Don’t be Diss’n the Myth

A guest post by T.L. Smith.

Star_People_Legacy_Cover_for_Kindle“One man’s myth is another man’s religion.” Many variations of this quote exists, so I won’t try to figure out who said it first. I only bring it up because that’s a popular trope for writers. I’m one of them. But for all the vast potential we can pull from mythology/religion, I think authors should keep in mind how easy it is to cross the line from entertaining, to insulting.

Now, don’t get me wrong. I’m not all up into ‘political correctness’, or afraid I’ll insult someone and they’ll come hunt me down. No, I’m talking about is how, with e-books and international markets, our writing crosses cultural borders all around the world. Even borders who try to regulate their internet and what their citizens can see. Our potential markets are virtually limitless.

I personally like the idea that a reader in some far corner of the world might get their hands on my book… and like it… and order more. With that in mind, I believe it’s possible to write a myth/religion based fiction, without insulting a large number of your potential readers. Whether you believe in their faith, or not.

It’s not pandering, it’s respect. In fact, internally I cringe when I use the word ‘myth’ out loud. Whether the followers truly believe(d) these characters exist(ed), or were created, they believe the purpose of God(s) is to guide humanity onto more enlightened paths. To better lives. To brighter futures. Even God(s) of destruction are there to cleanse and prepare the world for another attempt towards perfection.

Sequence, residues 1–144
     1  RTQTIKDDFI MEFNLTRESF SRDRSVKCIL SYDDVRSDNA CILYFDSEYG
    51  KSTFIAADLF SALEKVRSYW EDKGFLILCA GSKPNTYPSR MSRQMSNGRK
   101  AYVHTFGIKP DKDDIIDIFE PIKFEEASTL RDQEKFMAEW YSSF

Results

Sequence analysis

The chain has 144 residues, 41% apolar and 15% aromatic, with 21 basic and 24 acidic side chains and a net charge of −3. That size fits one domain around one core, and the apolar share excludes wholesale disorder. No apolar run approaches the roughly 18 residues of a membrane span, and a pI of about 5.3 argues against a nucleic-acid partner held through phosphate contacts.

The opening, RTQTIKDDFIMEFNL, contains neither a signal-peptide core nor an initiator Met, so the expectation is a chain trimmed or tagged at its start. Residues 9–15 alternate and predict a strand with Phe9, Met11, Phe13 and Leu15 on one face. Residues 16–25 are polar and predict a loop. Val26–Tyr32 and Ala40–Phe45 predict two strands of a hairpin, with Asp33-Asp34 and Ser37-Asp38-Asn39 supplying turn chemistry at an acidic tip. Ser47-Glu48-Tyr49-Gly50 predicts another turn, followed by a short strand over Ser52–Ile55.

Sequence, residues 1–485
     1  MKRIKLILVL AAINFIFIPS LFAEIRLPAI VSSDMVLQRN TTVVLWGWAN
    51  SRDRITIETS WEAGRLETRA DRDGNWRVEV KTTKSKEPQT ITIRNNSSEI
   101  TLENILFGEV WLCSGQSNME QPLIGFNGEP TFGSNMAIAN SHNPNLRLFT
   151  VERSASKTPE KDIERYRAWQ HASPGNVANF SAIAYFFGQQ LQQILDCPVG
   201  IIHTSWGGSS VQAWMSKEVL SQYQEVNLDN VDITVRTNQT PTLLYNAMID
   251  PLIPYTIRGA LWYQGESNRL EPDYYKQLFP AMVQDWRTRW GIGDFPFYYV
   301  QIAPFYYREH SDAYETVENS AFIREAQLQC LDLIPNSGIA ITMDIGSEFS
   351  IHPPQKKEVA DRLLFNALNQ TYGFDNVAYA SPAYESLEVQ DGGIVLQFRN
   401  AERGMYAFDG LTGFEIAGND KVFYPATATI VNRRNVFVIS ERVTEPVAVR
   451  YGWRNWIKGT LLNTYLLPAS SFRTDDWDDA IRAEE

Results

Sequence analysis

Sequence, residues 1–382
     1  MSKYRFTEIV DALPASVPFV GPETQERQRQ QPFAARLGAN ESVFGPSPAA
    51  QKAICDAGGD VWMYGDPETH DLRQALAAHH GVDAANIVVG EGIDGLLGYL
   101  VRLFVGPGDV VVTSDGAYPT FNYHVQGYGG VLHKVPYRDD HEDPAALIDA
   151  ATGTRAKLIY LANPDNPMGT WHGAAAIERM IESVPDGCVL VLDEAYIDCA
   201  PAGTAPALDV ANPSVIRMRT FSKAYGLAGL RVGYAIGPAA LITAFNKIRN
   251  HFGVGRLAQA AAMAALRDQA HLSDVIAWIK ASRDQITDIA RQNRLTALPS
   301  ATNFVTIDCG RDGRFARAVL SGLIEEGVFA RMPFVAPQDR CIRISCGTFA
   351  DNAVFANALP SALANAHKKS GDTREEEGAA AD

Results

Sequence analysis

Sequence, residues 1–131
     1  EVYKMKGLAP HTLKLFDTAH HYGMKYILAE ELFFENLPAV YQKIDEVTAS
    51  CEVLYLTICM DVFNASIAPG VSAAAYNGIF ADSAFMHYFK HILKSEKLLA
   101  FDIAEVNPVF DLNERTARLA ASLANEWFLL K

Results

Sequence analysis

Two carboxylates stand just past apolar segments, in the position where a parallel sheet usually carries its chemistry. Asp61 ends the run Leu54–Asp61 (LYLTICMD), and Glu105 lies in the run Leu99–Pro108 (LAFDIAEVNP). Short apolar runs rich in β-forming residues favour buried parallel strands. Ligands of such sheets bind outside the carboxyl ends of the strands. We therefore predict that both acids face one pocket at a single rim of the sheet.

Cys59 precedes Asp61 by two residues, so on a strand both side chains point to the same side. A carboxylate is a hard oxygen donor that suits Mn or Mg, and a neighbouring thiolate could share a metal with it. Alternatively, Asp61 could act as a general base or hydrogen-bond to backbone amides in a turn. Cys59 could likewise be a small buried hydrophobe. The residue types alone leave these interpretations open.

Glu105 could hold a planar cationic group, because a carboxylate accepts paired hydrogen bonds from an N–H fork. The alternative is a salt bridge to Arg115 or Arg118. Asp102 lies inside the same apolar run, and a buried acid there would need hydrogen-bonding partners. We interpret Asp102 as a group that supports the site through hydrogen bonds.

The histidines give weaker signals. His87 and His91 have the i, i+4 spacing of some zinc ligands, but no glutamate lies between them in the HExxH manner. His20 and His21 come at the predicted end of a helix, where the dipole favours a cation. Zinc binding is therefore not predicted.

So I put a lot of research into the characters I incorporate into my stories. I study them, good or evil, until I can see the person in my head. Until I can hear their voices, until I sense their intent to exist. Then I try to translate their personalities and motives onto the page and into my own stories.

Currently I’m working on a ‘gods are aliens’ Science Fiction novel series, that one day might see the light of day. All my gods, demi-gods, demons and humans, however obscure or popular, exist somewhere in the stories passed down through the world’s cultures.

The material available is vast and consuming, and in many cases…ewwwww. There’s some pretty twisted mentalities at play. Which makes me wonder about the original sources. Makes me sometimes wonder about myself too, as I try to bring these characters back to life in my own stories…just saying.

But back to paying proper homage to the trope… It might seem an easy task We see the ‘gods are aliens’ theories repeatedly on TV, but it’s not. It takes the right myth, the right region of the country of origin and an explanation to weave it into the fiction you’re writing. I just don’t see Zeus rampaging through modern Norway. Maybe waking from a long slumber to look down from Mt. Olympus and say “WTF?”

I wouldn’t add to Ulysses’ ordeal, but I might take on his mythical creatures and give them lives of their own, struggling to make this strange blue planet home after exile from their own distant destroyed world.

Then there’s bizarre stories of Gods on chariots, blankets, and winged creatures. The transport of Gods and their minions, awing the iron-age populace below. There are tales of war and weapons so devastating, they can alone destroy the entire planet. And let us not forget the gods’ insatiable appetites for human flesh, culinarily or erotically.